Direct Hydrocarbon Indicators

Date: November 1, 2016 1h 35min Advanced

  • Solution to Exercise Part B
  • Introduction to Exercises Part A and B
  • Solution to Exercise Part A
  • Exercise Part A
  • Exercise Part B
  • Exercise Part C
  • Introduction to Exercise Part C
  • Lecture
  • Solution to Exercise Part C
  • Seismic Data for Exercise Part C
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Seismic direct hydrocarbon indicators (DHIs) are anomalous seismic responses caused by the presence of hydrocarbons. DHIs occur when a change in pore fluids causes a change in the elastic properties of the bulk rock which is seismically detectable (i.e. there is a “fluid effect”). DHIs display one or more types of characteristics that are consistent with hydrocarbons filling pores in a rock matrix. 

Divide the class time into four (4) segments: (1) review the previous exercise, (2) introduce the lecture, (3), introduce the exercise, parts A and B, and (4) introduce the exercise part C. The review of the previous exercise has eleven (11) slides, and will take ~18 minutes to explain. The lecture material has thirty-nine (39) slides, and takes ~57 minutes to explain. The introduction to the exercise parts A and B has three (3) slides, and takes ~8 minutes to explain. The introduction to exercise part C has eight (8) slides, and takes ~12 minutes to explain.

In the exercise, students will perform a series of calculations given velocities and densities for a shale and a sand filled with water (brine), oil and gas. The values are representative for the Gulf of Mexico (part A) and the North Sea (part B). In step 2, they calculate impedance, which is velocity * density. In step 3, they calculate reflection coefficients for five (5) interfaces. These five (5) interfaces correspond to locations A through E on Figure 1. Figure 1 shows a simple, zero phase wavelet for location A. Students are to draw approximate wavelets at locations B, C, D and E. If the reflection coefficient (RC) sign at location B is the same as at location A, then the wavelet will have the same polarity at B as at A. If the sign is opposite, then the wavelet will be flipped (opposite polarity) at location B. If the magnitude (absolute value) of the RC at B is about the same as the magnitude of the RC at A, then the wavelet amplitude at B is about the same as the wavelet amplitude at A. If B has ½ the magnitude at A, then the wavelet amplitude at B will be ½ that at A. The same goes for locations C, D and E. This exercise should take about fifteen (15) minutes.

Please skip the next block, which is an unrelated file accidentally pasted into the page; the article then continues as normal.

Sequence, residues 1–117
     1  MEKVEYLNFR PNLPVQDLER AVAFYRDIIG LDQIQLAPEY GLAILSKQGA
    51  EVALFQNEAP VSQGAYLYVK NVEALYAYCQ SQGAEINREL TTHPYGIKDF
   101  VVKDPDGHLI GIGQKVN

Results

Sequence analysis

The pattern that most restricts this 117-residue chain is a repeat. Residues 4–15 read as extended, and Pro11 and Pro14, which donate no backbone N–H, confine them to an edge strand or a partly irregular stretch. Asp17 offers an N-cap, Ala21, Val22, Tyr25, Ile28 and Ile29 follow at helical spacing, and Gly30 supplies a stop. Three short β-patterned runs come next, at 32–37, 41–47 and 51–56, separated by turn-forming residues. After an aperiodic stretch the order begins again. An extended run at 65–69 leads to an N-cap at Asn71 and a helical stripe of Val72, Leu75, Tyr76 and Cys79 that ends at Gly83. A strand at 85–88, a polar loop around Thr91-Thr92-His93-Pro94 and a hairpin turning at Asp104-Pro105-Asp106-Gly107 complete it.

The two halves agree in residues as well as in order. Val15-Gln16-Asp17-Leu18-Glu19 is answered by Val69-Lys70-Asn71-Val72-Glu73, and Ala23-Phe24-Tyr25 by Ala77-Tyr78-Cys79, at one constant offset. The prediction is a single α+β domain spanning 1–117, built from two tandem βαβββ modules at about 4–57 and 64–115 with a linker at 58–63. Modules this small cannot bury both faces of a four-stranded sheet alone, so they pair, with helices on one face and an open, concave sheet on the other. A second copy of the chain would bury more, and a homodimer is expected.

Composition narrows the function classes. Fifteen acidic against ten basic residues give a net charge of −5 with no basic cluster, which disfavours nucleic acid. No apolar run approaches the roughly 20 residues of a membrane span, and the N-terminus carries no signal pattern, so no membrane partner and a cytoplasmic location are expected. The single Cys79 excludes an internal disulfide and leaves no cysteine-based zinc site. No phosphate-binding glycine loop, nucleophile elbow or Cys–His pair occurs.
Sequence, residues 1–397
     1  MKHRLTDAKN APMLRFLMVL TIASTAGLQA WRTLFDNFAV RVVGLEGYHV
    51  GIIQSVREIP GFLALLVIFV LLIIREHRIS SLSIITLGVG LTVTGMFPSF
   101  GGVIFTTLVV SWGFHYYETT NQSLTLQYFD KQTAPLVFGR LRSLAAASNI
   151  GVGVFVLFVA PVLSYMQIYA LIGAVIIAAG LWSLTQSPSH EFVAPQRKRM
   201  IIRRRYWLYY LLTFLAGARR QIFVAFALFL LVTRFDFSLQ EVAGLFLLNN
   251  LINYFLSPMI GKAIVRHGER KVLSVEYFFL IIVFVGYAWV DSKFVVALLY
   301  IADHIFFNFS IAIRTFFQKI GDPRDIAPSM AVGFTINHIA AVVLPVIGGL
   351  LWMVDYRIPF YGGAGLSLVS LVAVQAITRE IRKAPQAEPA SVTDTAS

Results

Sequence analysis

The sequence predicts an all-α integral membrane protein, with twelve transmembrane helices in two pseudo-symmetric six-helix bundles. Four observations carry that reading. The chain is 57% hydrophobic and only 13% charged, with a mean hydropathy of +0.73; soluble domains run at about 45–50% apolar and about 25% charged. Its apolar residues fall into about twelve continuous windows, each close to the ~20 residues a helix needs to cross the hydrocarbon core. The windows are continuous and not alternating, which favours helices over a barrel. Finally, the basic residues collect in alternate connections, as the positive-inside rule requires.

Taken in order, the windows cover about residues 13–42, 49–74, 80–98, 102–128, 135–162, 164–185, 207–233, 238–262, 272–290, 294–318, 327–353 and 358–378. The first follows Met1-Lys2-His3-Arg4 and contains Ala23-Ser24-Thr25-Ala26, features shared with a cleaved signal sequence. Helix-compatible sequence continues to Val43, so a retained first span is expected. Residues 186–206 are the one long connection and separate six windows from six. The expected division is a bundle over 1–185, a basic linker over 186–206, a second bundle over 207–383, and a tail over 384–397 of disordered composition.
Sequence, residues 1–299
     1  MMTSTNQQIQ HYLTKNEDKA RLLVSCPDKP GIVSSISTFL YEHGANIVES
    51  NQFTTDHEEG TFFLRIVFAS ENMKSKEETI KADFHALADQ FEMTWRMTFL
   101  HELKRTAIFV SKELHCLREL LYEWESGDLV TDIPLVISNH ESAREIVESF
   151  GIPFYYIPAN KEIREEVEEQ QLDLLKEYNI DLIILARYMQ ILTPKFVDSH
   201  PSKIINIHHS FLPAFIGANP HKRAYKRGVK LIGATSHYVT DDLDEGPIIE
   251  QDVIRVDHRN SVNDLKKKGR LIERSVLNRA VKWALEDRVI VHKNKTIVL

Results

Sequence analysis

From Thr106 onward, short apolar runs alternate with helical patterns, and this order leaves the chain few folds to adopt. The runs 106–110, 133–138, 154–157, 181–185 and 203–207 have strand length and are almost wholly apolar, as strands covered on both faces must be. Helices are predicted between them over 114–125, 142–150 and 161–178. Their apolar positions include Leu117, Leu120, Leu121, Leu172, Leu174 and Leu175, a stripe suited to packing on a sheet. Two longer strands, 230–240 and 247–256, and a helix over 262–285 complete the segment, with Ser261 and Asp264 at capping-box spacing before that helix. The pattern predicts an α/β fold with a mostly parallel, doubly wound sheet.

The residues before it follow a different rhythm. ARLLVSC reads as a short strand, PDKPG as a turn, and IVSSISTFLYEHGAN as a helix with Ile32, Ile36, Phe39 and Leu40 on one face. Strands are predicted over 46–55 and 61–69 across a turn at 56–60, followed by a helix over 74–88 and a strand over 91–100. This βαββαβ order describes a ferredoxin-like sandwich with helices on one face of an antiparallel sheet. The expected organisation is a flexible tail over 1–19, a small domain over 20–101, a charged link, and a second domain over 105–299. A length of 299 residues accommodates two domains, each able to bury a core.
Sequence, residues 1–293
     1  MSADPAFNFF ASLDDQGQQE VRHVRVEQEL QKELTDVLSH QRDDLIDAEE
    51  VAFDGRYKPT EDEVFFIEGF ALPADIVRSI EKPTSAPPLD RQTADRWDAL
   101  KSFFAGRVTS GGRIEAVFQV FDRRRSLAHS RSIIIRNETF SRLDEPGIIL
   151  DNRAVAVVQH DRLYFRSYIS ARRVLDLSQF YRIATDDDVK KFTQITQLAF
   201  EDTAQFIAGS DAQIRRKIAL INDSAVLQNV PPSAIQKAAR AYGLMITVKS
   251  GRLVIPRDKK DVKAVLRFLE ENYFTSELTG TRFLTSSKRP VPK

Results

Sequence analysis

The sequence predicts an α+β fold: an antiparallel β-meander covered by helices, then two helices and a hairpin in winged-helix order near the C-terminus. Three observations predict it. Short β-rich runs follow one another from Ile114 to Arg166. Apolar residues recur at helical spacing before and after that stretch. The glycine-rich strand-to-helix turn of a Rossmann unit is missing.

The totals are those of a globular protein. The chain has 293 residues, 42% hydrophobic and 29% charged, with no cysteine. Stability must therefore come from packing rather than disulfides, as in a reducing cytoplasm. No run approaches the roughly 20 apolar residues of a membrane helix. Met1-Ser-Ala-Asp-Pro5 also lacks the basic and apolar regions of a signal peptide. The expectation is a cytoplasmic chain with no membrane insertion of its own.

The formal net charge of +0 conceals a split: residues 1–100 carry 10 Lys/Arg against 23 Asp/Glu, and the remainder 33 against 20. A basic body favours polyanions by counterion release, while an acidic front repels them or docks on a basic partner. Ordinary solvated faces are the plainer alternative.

In part C, the students map the gas-water contact (GWC) at the Barracouta Field. They are given inline 1915, which passes through the discovery well, with the top and base of the reservoir and the GWC interpreted. They are also given six (6) crosslines with interpretation. There are seven (7) inlines without interpretation. Using the loop-tie method, students are to interpret the top of the reservoir and the GWC on these inlines. They want to determine where the top of reservoir horizon is intercepted by the GWC “horizon.” The last step is to mark the extent of the gas on the inlines and crosslines on the basemap and then draw a polygon to mark the extent of the field (based on seismic evidence). This exercise should take about 20 minutes.


At the end of this lesson, students should be able to:

  • Define a DHI and how to identify them
  • Describe how seismic data are used to determine reservoir rock and fluid properties
  • List the processing and modeling steps used in DHI analysis 

Related Courses

This course, based on teaching material from Dr. Fred Schroeder (formerly of Exxon/ExxonMobil), reflects on the geology and geophysics basics for the petroleum industry. General geology and basic geophysics are not required, but helpful with the material.

Course Advanced